In 2006, the European Union rolled out a directive restricting the use of certain hazardous chemicals. This directive, Restriction of Hazardous Substances (RoHS), would have a far-reaching impact on the electronics industry. Its restrictions on using lead would send manufacturers scrambling to revise their practices or adopt entirely new ones. Thanks to a follow-up directive in 2011, manufacturers now hustle to meet RoHS 2 compliance.
Yes, it’s not a punitive law full of fines and penalties. But if you’re a U.S. company, noncompliance is basically an impassable barrier to entry to the EU trade market. So if you want to do business abroad, don’t mess around -- comply.
Everything to Know About RoHs
Thankfully, most manufacturers around today are better equipped to produce RoHS 2 compliant products. This usually requires going back through the supply chain to obtain raw materials declarations and certifications to demonstrate that their products are RoHS compliant.
So, does your company produce RoHs electronics? If your business manufactures products containing electronics or sells to distributors, resellers, or integrators that end up selling their products in EU countries, here’s a RoHS 2 FAQ to keep you on the up and up:
What Is RoHS Compliance?
RoHS applies to all electronic devices in the European Union market. The original RoHS directive, referred to as Directive 2002/95/EC, was developed in the European Union in 2002 with the aim of restricting six hazardous materials common in these products:
- Hexavalent chromium
- Polybrominated diphenyl ethers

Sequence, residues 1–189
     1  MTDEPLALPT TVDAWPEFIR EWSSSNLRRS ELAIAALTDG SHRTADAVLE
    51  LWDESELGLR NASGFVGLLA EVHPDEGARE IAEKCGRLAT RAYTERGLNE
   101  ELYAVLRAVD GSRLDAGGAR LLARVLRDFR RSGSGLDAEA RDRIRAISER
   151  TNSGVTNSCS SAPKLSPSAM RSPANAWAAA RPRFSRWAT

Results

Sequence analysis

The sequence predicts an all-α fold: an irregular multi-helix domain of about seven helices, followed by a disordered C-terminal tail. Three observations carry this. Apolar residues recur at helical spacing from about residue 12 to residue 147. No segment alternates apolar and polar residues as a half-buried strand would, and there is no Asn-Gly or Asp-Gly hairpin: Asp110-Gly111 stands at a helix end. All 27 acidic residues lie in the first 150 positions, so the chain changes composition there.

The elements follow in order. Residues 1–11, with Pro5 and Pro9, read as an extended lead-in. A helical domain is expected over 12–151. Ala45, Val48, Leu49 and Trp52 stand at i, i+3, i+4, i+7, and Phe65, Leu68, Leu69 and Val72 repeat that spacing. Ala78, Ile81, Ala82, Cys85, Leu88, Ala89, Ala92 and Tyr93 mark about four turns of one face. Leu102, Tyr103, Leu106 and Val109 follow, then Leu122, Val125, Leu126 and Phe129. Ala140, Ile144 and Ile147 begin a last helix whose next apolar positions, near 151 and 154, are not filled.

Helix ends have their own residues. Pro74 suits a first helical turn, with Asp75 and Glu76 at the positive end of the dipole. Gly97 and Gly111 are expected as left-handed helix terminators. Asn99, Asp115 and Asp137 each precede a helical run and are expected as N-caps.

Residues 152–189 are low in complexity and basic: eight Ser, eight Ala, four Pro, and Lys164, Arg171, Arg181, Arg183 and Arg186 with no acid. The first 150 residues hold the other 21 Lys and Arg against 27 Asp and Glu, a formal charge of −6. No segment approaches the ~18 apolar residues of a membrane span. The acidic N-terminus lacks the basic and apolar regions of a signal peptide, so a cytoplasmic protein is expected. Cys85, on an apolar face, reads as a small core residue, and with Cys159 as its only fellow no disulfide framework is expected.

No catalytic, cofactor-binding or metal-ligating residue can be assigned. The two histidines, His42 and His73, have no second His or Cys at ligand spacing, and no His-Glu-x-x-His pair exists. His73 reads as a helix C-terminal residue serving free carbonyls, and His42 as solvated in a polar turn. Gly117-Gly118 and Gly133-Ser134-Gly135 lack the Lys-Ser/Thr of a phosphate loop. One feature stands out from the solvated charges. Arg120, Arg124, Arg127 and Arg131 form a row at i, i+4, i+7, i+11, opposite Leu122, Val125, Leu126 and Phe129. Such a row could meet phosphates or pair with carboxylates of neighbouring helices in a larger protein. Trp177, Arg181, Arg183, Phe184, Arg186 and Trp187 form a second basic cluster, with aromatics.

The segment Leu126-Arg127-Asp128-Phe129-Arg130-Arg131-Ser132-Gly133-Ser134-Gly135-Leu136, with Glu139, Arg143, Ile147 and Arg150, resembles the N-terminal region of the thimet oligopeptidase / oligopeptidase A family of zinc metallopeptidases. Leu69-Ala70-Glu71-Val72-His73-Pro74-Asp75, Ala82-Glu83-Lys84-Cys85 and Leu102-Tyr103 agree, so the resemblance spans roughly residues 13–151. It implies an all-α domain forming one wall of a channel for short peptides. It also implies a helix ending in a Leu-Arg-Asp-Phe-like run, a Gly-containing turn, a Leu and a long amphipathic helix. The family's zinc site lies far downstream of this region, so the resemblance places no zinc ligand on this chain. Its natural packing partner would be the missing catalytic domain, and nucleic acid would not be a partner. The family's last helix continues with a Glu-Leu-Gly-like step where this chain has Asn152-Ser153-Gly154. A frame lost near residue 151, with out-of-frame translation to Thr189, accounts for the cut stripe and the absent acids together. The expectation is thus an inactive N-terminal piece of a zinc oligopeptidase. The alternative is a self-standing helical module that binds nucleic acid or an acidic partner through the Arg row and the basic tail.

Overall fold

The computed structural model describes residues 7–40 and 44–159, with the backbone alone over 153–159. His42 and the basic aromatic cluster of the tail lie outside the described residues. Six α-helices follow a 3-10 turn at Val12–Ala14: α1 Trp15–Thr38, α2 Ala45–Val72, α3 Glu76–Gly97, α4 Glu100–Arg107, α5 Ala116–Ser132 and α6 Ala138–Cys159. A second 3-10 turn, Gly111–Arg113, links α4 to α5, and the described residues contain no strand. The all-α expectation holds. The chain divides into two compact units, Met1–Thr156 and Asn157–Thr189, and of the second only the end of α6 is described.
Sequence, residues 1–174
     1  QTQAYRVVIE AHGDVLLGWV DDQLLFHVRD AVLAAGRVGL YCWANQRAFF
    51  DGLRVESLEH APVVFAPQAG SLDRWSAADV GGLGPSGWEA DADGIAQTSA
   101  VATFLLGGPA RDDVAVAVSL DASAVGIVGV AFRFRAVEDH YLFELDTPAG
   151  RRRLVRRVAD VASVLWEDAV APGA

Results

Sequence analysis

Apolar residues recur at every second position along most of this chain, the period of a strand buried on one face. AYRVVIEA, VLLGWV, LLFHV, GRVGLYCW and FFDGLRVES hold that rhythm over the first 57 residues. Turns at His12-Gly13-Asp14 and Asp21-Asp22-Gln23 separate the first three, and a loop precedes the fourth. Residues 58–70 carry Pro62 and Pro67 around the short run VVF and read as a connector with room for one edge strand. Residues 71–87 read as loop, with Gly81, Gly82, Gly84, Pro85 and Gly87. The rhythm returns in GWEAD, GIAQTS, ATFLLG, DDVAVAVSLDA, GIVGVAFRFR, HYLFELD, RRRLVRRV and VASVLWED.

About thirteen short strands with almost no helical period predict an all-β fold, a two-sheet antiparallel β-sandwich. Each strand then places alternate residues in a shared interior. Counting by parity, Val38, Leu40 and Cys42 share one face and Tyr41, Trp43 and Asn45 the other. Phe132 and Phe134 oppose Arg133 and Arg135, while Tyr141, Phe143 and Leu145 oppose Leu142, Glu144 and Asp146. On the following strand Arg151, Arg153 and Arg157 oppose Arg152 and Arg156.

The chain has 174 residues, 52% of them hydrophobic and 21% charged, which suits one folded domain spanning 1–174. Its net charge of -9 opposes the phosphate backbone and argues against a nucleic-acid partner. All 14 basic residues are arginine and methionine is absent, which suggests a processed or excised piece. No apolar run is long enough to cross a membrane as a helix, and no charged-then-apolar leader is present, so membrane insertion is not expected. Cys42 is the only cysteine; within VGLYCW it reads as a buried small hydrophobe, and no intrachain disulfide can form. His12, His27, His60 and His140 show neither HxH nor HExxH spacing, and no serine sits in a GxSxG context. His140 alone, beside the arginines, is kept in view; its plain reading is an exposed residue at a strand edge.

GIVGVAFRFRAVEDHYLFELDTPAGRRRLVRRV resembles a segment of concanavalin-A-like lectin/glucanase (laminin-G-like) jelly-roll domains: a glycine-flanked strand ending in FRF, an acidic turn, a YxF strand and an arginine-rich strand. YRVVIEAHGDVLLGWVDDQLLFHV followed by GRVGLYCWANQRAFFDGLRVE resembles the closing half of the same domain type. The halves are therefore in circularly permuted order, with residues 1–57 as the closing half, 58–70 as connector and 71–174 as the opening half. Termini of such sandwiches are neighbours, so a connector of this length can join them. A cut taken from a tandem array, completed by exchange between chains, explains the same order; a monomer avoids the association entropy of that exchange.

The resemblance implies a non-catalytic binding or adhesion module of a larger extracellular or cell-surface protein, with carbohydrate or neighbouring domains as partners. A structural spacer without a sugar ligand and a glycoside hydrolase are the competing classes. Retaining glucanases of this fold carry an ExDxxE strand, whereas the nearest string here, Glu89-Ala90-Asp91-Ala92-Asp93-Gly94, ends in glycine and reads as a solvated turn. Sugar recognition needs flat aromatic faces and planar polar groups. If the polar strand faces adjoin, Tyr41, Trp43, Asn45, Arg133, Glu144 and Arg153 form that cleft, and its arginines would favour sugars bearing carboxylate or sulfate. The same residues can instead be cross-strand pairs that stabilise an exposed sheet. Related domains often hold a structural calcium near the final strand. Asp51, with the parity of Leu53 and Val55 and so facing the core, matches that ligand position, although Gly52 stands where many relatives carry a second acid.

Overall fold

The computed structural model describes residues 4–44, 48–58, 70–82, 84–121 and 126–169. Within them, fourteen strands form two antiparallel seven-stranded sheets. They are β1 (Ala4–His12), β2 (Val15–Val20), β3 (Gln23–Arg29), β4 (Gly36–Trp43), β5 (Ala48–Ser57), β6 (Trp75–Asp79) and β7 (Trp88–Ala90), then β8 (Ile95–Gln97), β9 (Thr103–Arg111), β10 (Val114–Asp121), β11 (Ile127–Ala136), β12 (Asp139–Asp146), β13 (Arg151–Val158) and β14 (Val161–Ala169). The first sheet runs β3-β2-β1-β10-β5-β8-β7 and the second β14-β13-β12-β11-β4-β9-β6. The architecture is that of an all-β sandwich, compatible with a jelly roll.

- Polybrominated biphenyls
According to the directive, all products sold in the EU market since July 1, 2006, must be RoHS compliant.
What Is RoHS 2 Compliance?
RoHS 2 compliance refers to Directive 2011/65/AU on the restriction of even more hazardous substances in electronic and electrical products. This directive became European law July 21, 2011, and took effect in all EU member nations Jan. 2, 2013, replacing the original RoHS.
Just like the first directive, the RoHS 2 list includes the six hazardous materials mentioned above. However, this directive covers a broader range of equipment and imposes additional obligations on electronic and electrical equipment manufacturers. These include affixing CE markings on finished products to show compliance as well as producing technical documentation to demonstrate conformity.
Next Up: RoHS 2 Vs. RoHS 3
On March 31, 2015, a new directive was born – Directive 2015/863, better known as RoHS 3. This directive adds four restricted substances, bringing the total to 10.
Enforcement of restrictions on the new substances began on July 22, 2019. Just like its predecessor, RoHS 3 compliance applies to all electronic and electrical equipment sold in the EU market. But medical devices (category 8) and monitoring and control tools (category 9) have two extra years after this date to comply with the RoHS 3 directives -- up to July 22, 2021.
The restrictions on the 10 RoHS substances and their limits are as follows. A limit of 0.1% is equivalent to 1,000 ppm (parts per million):